Some countries still have bans on gatherings and worship, hence Muslims are asked to observe the prayers at home.by AfricaNews May 24th 2020 · 1 min read
Muslims across East and West Africa are celebrating the post-Ramadan fete of Eid-ul-Fitr today (Saturday, May 23) despite a majority of Muslims nations observing the 30th day of fasting ahead of Eid on Sunday.
In Somalia, Minister of Religious Affairs and Endowment, Sheikh Nur Mohamed Hassan announced today’s Eid late Friday after eight people came forward testifying they have sighted the new moon in the vicinities of Mogadishu, the capital.
President Mohamed Abdullahi Farmaajo also posted a video on Twitter congratulating Somalis at home and abroad on the completion of Ramadan. Reports say some Muslims in Ethiopia and Kenya are also observing festivities.
Across much of Muslim dominated West Africa, authorities officially declared today as Eid-ul-Fitr: from Niger to Senegal, Mali and The Gambia, the faithful have been asked to observe the Eid and not fast.
In Nigeria, the leader of Muslims – Sultan of Sokoto – declared Sunday as Day of Eid because there had been no local sighting of the moon.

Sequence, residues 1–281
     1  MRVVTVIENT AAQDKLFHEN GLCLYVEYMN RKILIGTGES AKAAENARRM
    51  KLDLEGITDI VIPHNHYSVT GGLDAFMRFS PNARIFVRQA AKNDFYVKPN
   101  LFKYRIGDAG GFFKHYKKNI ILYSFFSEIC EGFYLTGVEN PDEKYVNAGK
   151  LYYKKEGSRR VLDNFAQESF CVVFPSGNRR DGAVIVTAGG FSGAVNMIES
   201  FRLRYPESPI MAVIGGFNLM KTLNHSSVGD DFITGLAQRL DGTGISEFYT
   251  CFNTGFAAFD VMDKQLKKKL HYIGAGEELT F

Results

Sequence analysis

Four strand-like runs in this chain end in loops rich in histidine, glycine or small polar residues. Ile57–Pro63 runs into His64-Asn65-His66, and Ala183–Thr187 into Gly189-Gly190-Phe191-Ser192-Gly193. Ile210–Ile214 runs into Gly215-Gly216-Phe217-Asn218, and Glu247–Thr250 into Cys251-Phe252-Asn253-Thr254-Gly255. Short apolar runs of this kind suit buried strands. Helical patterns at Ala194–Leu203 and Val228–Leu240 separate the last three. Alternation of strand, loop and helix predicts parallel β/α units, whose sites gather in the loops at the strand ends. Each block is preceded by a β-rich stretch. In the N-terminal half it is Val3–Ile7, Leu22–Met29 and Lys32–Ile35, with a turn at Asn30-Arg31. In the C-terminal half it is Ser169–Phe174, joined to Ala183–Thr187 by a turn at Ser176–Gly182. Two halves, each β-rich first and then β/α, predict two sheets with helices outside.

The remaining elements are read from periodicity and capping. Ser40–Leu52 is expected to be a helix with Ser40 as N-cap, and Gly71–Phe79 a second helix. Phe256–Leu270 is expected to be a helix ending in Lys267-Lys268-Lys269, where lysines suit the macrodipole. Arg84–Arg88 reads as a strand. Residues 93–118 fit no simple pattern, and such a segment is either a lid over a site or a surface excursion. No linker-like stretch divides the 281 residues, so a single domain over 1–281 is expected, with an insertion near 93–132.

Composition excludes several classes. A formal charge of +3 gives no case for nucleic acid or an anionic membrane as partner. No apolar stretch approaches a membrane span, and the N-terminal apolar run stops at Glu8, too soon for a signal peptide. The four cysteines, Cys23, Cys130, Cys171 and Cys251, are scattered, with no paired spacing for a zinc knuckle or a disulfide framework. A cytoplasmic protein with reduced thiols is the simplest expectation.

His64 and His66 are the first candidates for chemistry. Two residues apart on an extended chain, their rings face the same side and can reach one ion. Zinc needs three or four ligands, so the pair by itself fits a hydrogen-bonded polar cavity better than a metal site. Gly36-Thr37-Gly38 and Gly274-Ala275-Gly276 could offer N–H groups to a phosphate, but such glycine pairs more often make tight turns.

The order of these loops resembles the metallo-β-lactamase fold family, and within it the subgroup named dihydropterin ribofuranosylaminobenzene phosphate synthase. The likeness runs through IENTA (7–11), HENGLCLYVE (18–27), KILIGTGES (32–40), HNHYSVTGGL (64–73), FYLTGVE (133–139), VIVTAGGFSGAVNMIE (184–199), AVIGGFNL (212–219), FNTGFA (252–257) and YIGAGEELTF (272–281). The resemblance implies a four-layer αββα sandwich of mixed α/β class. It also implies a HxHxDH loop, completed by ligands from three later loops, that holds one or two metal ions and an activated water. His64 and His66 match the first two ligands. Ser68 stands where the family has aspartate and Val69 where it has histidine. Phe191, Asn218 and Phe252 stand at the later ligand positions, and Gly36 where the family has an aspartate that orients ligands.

But a number of people are critiquing the decision stressing that Nigeria could depend on neighbour Niger to declare Eid. A number of people aver that the authorities were only following an earlier May 24 declaration by Saudi Arabia.
The “discord” about when to start or end Ramadan is not totally unexpected given that the start or completion depends on the sighting of a new moon.
The Islamic month has 29 or maximum 30 days. So on the 29th day of a month, if a new moon is sighted, a new moths sets in the following day; if not, the 30th day is observed.
At the end of the 29 or 30 days of fasting, Muslims celebrate Eid al-Fitr which literally means “festival of breaking the fast” in Arabic. On the day, Muslims attend a special prayer at outdoor locations or mosques. The process consists of a short congregational prayer followed by a sermon.
After the prayer, they visit friends and relatives, give gifts especially to children, and make phone calls to distant relatives to exchange greetings of “Eid Mubarak” or “Blessed Eid.”
The context of the COVID-19 pandemic has largely altered how the day is being observed. Some countries still have bans on gatherings and worship, hence Muslims are asked to observe the prayers at home.
In cases, where they are allowed to congregate, there is a strict enforcement of social distancing rules and persons are supposed to observe anti-virus protocols which include the wearing of masks and other hand hygiene practices.